Competitive Bidding Showing Signs that the Construction Economy is Finally Improving?

The $46 million school renovation project of Dracut High School in Northeastern Massachusetts may provide signs that the construction economy is finally improving. Since the 2008 financial crisis, governments have found great deals for their construction projects.  With construction companies vying for work, public projects let out for bid have generally received numerous bids, often times well over the normal numbers in pre-crisis years.  With the increased competition came decreased prices, saving governments large amounts of money when performing much needed construction work.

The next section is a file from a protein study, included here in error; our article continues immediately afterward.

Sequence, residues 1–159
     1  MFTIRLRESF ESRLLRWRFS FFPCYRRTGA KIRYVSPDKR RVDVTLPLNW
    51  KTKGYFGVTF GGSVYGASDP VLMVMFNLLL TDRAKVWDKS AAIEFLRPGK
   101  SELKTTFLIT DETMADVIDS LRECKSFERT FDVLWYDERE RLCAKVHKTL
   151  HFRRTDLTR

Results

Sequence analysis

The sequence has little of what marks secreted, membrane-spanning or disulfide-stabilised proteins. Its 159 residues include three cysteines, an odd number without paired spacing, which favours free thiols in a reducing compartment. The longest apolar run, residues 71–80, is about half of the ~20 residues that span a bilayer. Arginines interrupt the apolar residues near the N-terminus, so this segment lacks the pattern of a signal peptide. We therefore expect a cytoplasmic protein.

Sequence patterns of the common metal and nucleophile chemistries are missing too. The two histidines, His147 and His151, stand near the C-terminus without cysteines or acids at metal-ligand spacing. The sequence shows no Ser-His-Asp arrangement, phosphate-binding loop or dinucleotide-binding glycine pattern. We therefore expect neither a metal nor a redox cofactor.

But the increase in bidders and lower prices is not a sign of economic strength.  In fact, it is a generally a sign of weakness, indicating that not enough private or commercial construction work exists to keep contractors busy, resulting in a rush to public works projects. 

The recent bids for the Dracut High School, therefore, are good economic indicators. Because only two bids were even proffered for the project, and because the lowest bid was priced only 1% over the construction manager’s estimate, the project may be a sign that things are finally improving. While this one project located in Northeastern Massachusetts is not necessarily an indicator of a national trend, will be continuing to look for signs of a change in the construction industry.

The bids were reported on July 24, 2012 by the Lowell Sun.